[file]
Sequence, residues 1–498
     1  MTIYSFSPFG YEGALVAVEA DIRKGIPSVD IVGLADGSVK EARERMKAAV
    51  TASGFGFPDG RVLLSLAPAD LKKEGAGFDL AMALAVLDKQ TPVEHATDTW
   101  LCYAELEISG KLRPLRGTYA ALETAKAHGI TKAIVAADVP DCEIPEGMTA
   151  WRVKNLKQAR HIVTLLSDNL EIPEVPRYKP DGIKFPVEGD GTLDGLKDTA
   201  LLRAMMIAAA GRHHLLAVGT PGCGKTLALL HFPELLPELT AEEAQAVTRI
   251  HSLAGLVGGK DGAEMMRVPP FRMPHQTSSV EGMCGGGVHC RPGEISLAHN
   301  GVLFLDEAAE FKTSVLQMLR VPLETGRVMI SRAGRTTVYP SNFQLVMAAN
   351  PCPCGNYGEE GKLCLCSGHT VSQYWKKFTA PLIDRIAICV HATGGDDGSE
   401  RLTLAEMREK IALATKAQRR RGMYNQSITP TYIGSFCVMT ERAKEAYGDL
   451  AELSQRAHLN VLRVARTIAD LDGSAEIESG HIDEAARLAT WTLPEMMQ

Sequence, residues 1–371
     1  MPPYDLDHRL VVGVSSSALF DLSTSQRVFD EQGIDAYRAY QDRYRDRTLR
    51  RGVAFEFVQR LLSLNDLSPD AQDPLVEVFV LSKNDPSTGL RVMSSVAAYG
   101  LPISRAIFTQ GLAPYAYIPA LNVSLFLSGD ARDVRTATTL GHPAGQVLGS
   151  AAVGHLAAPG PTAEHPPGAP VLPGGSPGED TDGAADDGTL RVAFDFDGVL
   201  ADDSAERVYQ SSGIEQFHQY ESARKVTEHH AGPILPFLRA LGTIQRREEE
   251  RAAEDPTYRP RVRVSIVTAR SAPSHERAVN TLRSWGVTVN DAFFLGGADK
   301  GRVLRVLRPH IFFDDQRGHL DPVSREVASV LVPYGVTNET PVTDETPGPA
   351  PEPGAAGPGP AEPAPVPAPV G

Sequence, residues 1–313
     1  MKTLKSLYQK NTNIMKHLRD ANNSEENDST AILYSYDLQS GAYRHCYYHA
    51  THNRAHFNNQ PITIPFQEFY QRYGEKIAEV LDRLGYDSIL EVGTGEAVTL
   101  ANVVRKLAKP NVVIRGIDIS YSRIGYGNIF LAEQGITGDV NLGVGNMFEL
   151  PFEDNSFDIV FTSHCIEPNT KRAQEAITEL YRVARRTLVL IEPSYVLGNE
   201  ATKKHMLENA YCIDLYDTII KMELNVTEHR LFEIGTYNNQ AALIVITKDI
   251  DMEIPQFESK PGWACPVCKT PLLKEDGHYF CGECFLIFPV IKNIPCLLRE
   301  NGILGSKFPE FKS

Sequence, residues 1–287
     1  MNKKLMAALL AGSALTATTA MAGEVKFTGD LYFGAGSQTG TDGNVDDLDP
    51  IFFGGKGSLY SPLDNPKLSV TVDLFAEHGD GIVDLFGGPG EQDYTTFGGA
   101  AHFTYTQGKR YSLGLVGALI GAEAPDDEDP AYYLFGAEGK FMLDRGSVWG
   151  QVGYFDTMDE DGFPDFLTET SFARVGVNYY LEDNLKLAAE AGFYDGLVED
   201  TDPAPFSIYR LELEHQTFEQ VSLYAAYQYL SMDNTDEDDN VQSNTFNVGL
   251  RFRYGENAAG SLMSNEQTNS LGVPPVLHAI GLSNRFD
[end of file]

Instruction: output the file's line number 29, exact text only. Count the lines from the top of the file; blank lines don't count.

Sequence, residues 1–287